This research has been peer-reviewed.
Low levels of omega-3 associated with higher risk of psychosis, says study
RCSI University of Medicine and Health Sciences (Ireland), June 1, 2021
New research has found that adolescents with higher levels of an omega-3 fatty acid in their blood were less likely to develop psychotic disorder in early adulthood, suggesting that it may have a potential preventative effect of reducing the risk of psychosis.
The study, led by researchers from RCSI University of Medicine and Health Sciences, is published in Translational Psychiatry.
During these assessments, blood samples were collected, and the researchers measured the levels of omega-6 fatty acids, which generally increase inflammation in the body, and omega-3 fatty acids, which generally reduce inflammation.
While there was little evidence that fatty acids were associated with mental disorders at age 17, the researchers found that 24-year-olds with psychotic disorder, depressive disorder and generalized anxiety disorder had higher levels of omega-6 than omega-3 fatty acids compared to those without these disorders.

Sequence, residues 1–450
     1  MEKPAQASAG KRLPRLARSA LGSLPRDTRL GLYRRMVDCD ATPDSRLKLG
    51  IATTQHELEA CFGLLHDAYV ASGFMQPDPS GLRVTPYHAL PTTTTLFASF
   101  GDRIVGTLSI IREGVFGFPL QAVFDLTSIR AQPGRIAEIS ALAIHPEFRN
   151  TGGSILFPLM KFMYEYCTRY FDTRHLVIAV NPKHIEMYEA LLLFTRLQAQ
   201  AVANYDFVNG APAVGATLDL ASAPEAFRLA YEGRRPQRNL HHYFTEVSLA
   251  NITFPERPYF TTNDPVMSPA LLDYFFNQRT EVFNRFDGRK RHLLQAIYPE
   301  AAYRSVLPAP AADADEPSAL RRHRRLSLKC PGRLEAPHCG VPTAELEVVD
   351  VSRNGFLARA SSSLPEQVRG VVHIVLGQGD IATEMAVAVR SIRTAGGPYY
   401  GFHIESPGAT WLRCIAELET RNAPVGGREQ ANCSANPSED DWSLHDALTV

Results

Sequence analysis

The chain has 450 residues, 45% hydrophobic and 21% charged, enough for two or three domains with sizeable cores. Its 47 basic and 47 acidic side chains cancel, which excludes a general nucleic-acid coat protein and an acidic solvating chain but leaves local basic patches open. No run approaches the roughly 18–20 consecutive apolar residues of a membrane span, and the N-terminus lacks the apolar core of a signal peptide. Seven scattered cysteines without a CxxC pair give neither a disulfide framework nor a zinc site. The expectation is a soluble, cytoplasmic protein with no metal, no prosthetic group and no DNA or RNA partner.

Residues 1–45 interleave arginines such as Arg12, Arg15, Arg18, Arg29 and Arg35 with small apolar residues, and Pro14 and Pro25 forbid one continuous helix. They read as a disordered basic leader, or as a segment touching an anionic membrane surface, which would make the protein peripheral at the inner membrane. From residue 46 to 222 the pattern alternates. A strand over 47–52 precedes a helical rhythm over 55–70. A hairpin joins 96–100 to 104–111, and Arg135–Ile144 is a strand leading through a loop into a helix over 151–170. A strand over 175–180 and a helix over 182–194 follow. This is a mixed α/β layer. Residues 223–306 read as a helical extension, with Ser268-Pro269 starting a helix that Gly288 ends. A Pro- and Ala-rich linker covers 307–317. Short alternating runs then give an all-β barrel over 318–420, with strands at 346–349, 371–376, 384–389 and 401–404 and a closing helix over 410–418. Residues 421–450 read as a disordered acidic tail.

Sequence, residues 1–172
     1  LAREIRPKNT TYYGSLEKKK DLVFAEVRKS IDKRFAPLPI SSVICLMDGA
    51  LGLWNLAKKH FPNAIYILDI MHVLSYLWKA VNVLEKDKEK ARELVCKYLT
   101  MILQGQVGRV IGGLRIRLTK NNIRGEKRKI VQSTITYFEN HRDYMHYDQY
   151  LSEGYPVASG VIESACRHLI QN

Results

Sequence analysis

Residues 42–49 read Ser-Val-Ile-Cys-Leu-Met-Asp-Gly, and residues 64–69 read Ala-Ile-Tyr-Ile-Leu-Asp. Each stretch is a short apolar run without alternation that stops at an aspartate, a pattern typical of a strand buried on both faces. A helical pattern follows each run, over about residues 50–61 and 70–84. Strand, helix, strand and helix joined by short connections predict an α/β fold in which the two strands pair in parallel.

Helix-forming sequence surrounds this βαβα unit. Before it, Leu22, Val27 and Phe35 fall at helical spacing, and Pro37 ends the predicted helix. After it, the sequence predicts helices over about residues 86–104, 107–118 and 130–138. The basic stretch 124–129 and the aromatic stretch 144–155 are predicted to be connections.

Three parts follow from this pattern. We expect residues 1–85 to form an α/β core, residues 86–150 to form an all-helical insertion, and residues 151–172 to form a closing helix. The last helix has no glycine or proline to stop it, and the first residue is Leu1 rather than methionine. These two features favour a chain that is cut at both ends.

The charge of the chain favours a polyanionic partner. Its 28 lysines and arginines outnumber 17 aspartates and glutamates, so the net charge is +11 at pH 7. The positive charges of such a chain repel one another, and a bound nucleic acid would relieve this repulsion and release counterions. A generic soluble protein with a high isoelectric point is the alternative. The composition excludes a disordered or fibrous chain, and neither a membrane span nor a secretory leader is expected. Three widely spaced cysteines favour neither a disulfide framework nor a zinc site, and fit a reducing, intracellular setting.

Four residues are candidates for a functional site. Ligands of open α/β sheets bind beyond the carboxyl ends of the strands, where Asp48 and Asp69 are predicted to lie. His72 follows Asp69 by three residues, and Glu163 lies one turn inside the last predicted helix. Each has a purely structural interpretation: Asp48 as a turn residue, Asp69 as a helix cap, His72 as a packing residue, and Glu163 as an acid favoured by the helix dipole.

The researchers also found that 24-year-olds with psychotic disorder had lower levels of DHA, an omega-3 fatty acid typically found in oily fish or dietary supplements, than 24-year-olds without psychotic disorder. In a group of over 2,700 individuals who were tracked over time, adolescents with higher levels of DHA at age 17 were 56% less likely to develop psychotic disorder seven years later at age 24. This suggests that DHA in adolescence may have a potential preventative effect of reducing the risk of psychosis in early adulthood.